Ike Swetlitz describes a movement that has the potential to revolutionize how the health care profession looks at and treats different races (“New lessons about race and health,” Stat, March 14). But we should consider going even further by extending this new approach to ethnicity while avoiding both biological and cultural stereotypes.
Health care is already moving in the direction of individualized care. A patient assessment should look beyond race, gender, and even age, and include such health determinants as community supports, the safety of the patient’s neighborhood, and the patient’s family structure. When possible, the assessment should be conducted by a care worker with the same ethnicity as the patient, and the individualized care plan should be delivered in a culturally sensitive way. This would lead to better adherence by the patient.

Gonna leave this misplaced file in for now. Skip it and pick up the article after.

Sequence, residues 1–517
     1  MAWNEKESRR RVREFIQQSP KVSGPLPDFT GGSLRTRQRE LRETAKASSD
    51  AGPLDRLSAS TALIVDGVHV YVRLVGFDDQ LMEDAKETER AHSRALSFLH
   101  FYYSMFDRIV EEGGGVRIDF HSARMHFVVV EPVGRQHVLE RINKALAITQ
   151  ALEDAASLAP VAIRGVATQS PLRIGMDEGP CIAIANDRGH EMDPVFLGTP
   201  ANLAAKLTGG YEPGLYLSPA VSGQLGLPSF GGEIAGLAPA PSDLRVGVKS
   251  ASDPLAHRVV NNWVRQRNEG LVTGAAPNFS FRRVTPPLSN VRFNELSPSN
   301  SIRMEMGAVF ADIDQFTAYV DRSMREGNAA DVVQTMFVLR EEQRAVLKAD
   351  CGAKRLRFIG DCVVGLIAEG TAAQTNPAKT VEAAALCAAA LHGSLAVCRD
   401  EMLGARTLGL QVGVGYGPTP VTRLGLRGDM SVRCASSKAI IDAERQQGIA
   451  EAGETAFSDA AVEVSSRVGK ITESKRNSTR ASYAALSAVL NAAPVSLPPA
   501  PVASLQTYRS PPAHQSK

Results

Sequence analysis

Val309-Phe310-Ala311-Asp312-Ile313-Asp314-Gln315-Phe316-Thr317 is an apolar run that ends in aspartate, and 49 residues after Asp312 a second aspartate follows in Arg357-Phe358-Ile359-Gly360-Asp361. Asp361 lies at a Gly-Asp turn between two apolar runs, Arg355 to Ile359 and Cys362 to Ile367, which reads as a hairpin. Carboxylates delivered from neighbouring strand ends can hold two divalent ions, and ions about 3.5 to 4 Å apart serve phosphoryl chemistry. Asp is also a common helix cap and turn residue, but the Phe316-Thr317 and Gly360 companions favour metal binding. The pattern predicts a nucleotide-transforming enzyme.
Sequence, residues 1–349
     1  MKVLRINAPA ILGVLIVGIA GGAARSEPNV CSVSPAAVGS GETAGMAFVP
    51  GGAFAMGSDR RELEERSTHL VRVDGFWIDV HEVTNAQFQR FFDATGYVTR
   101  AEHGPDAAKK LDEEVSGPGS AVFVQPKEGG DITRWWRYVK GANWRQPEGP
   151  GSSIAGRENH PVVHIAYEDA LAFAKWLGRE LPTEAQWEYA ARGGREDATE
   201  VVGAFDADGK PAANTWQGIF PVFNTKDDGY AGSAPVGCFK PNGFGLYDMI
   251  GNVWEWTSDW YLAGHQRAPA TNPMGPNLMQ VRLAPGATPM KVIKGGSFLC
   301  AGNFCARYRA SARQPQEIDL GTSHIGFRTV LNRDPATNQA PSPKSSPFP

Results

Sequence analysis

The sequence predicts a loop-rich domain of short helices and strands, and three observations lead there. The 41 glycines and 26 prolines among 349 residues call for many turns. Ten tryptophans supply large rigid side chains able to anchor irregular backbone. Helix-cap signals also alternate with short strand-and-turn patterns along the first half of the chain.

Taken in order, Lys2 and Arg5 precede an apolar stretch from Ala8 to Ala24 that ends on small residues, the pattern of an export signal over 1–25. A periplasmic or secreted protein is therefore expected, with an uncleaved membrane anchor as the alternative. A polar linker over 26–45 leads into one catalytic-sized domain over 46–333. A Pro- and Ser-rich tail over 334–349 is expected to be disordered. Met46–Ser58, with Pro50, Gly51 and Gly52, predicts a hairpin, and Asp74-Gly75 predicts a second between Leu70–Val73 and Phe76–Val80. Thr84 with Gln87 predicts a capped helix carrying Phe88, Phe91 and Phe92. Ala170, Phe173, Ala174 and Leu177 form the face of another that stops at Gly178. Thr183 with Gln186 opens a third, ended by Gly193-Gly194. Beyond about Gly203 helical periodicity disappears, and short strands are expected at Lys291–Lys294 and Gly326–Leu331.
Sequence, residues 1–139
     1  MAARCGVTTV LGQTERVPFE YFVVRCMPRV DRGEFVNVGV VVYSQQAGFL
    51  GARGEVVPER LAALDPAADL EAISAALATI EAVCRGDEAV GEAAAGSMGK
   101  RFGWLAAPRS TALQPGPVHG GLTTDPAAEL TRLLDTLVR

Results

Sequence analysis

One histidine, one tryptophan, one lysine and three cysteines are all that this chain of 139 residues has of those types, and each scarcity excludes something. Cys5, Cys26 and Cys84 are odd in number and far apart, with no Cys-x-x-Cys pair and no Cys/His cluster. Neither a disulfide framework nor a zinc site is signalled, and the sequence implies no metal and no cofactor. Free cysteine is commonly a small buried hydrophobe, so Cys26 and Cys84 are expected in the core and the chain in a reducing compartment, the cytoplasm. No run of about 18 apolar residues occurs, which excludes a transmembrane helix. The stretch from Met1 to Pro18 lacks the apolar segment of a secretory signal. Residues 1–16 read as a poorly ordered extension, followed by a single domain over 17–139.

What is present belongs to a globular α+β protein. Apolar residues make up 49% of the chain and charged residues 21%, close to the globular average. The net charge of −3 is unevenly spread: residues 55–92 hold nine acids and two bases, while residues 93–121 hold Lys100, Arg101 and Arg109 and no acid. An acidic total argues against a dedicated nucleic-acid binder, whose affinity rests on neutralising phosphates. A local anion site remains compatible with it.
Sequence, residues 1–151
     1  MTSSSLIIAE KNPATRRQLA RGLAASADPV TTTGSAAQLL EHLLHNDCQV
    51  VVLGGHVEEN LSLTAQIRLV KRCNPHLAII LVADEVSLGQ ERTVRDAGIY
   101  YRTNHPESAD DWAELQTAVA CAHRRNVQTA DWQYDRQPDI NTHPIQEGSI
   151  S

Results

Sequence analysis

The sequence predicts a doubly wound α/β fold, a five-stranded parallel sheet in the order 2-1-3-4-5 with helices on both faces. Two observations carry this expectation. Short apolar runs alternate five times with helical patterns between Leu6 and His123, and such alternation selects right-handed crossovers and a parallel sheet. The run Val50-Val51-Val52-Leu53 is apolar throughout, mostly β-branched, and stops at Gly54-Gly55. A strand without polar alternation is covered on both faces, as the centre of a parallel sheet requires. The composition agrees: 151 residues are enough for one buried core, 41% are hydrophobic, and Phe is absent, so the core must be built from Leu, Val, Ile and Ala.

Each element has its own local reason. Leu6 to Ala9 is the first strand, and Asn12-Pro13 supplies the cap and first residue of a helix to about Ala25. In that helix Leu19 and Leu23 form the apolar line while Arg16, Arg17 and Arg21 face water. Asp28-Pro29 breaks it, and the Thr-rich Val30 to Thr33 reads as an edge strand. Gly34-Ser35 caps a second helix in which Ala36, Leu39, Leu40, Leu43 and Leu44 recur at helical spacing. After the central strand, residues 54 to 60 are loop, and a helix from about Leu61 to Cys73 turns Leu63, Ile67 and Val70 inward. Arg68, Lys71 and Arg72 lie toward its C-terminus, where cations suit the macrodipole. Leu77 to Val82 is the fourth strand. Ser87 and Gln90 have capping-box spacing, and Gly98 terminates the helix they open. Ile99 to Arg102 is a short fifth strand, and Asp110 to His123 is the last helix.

In addition, data should be used to identify gaps in care. Our own experience provides a good lesson. We recommend that all our senior members receive a vaccine against pneumonia, but our data showed that our Chinese members were getting vaccines at half the rate of the rest of our members. We found the reason was that, as a cultural matter, elderly Chinese want a doctor’s recommendation before getting any vaccine. So instead of urging our Chinese members to get a pneumonia vaccine, we urged them to talk to their doctor about getting the vaccine.
With the United States headed toward becoming a minority-majority population, culturally sensitive, individualized care and data-driven public health interventions will become all the more important.